Home > The Countess Conspiracy (Brothers Sinister #3)

The Countess Conspiracy (Brothers Sinister #3)
Author: Courtney Milan

Chapter One

Cambridge, May 1867

VIOLET WATERFIELD, THE COUNTESS OF CAMBURY, was always most comfortable in a crowd.

Other women of her station might despise sitting in a lecture hall elbow-to-elbow with any person off the streets, no mark of distinction setting her apart from the old friend who sat on her left or the elderly man, no doubt living on a meager pension, who sat at her right. Other women might whisper amongst themselves about the smell of humanity, packed so close.

But in a crowd, Violet could disappear. The odor of sour pipe smoke and unwashed flesh meant that nobody paid attention to her. Nobody glanced at her for approval or wanted her opinion on some fool thing she didn’t care about. In a crowd, Violet could dispose of all her pretenses and indulge in her one forbidden passion: Mr. Sebastian Malheur.

Or—to be more accurate—his work.

Sebastian was her oldest friend, and today, he was the one who addressed the throng. He had a deep voice and a mischievous smile, one he used to great effect in making the most commonplace scientific observations sound interesting. Wicked, even. The rest of him—his dark lustrous hair, that brilliant, impish smile that he always wore—she would leave to the blushing ladies of the ton who wished to make his intimate acquaintance.

Violet had no use for his handsome good looks, his idle flirtations. But his work, now…

“Thus far,” Sebastian was saying, “my research has focused on simple traits: the colors of flowers, the shapes of leaves. I’ve detailed several different mechanisms of inheritance. What I am going to present today is not further explanation, but a series of baffling questions.”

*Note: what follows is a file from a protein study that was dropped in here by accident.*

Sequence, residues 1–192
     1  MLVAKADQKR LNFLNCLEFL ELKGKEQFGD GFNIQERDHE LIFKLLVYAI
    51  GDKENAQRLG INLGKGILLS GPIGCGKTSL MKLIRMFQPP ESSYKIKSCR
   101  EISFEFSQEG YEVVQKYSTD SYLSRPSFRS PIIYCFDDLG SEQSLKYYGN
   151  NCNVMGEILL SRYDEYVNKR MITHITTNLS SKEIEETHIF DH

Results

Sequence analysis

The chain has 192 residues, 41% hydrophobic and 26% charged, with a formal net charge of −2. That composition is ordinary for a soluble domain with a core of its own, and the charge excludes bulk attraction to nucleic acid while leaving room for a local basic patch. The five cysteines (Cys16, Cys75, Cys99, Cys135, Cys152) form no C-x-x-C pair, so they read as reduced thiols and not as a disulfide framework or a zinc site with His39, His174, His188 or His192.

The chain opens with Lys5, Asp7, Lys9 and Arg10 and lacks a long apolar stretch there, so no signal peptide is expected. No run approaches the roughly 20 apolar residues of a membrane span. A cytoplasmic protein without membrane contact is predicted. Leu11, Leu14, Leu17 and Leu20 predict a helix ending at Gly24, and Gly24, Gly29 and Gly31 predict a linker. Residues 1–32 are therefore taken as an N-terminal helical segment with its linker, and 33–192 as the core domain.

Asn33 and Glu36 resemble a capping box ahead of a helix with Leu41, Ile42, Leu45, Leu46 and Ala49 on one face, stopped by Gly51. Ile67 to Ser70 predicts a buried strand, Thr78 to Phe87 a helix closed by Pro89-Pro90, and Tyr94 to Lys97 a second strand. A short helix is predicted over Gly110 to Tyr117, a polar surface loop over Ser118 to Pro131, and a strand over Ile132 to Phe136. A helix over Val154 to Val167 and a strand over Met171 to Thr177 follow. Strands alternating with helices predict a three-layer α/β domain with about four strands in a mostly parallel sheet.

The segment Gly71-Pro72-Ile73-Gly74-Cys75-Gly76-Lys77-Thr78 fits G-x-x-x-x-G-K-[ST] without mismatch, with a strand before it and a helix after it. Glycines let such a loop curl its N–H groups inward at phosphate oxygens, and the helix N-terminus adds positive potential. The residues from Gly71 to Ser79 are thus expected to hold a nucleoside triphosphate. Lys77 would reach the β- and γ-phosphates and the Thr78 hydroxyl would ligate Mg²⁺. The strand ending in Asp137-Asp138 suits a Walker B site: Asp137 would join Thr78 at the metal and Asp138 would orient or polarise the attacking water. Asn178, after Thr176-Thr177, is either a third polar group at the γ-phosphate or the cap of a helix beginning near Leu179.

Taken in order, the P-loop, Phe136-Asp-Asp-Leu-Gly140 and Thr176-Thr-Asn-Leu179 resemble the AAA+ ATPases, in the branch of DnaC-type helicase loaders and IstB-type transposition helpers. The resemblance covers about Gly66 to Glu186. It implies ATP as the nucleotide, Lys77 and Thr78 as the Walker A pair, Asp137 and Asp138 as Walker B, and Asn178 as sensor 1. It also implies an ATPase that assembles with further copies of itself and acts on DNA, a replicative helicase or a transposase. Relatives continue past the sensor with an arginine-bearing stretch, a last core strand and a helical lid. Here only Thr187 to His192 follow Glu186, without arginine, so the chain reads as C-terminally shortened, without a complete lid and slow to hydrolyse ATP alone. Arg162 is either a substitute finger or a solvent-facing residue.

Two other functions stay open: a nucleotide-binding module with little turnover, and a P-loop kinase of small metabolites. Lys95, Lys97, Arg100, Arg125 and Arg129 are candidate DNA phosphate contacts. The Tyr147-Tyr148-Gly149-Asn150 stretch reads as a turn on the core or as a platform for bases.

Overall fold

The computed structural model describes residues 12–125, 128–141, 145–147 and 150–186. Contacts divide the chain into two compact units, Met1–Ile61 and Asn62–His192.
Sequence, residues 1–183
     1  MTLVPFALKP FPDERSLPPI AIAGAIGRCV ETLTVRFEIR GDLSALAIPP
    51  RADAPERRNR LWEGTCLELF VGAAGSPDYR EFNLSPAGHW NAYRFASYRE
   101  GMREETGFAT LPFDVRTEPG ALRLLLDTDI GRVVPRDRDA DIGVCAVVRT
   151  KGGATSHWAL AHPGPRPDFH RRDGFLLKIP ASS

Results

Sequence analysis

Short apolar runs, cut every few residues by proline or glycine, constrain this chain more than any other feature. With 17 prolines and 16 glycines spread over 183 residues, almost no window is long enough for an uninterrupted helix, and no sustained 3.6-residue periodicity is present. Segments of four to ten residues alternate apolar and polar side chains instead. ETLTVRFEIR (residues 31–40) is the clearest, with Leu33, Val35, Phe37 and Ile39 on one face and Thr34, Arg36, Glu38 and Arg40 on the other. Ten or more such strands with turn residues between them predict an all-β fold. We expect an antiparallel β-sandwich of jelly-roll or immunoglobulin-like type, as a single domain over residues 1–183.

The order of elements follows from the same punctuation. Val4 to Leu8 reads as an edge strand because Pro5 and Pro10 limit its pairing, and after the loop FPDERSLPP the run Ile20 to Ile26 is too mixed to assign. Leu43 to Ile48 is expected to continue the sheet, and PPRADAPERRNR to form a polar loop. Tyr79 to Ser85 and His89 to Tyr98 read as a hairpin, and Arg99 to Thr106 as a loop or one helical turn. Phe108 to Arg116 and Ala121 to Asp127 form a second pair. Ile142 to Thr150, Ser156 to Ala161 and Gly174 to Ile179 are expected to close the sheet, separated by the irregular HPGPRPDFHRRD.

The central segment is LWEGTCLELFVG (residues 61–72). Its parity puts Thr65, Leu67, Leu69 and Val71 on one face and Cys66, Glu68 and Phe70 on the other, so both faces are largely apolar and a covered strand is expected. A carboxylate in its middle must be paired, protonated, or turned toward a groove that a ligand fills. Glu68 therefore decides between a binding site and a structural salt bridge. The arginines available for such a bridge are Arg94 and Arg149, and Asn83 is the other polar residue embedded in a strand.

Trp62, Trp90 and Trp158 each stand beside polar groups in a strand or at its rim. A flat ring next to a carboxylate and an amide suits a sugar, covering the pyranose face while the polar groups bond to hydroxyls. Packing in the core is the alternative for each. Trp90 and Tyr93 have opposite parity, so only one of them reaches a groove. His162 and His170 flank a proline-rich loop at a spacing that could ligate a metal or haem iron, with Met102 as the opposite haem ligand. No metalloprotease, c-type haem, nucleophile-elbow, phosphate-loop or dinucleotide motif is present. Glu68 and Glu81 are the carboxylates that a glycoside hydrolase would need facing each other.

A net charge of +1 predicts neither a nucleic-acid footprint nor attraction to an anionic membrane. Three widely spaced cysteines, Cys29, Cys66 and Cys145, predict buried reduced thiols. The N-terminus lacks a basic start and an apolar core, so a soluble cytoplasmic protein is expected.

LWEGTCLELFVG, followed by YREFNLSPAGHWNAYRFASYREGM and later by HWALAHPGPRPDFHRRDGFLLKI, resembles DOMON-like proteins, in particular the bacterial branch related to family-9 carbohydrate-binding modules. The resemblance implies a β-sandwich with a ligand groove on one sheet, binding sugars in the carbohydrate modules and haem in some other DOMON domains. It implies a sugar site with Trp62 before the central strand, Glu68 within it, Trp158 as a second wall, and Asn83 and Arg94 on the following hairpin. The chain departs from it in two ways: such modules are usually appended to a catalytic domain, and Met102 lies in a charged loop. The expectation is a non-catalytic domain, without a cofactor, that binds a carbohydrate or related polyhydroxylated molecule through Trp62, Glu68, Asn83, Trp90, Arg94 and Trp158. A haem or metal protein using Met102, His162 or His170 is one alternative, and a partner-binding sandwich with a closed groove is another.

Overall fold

She’d heard those words before. More than once. They’d traded them back and forth just this morning, trying to get them absolutely perfect.

They’d succeeded.

His gaze swept over the gathering, and even though he didn’t look in her direction, Violet found herself smiling in response. He was just getting to the good part.

“Bafflement,” Sebastian said, “means there is something left to be discovered. So let me tell you what we don’t know.”

In the dim recesses of her awareness, Violet realized that she was not the only one leaning forward in anticipation. Sebastian was a magnet. He drew people to him without even trying.

Some of those in attendance were adoring young scientists who hung on his every word and dreamed of following in his footsteps. Others were followers of Darwin, like Huxley in the corner, watching the proceedings beneath thick eyebrows. There were a great many ladies present, too—Sebastian had always drawn ladies to him.

But there were also people like those seated directly behind Violet. She couldn’t see them, but—despite her best efforts to ignore them—she was aware of them. These were the worst sort: interrupters.

“Shameful,” muttered the man behind her, loudly enough to puncture even the resilient bubble of Violet’s enjoyment. “Utterly shameful.”

There was nothing shameful about the figure Sebastian was pointing to, not unless one harbored an irrational hatred for bar charts. This one detailed only numbers—numbers collected with an arduous attention to detail, if Violet could say such a thing herself without being accused of hubris.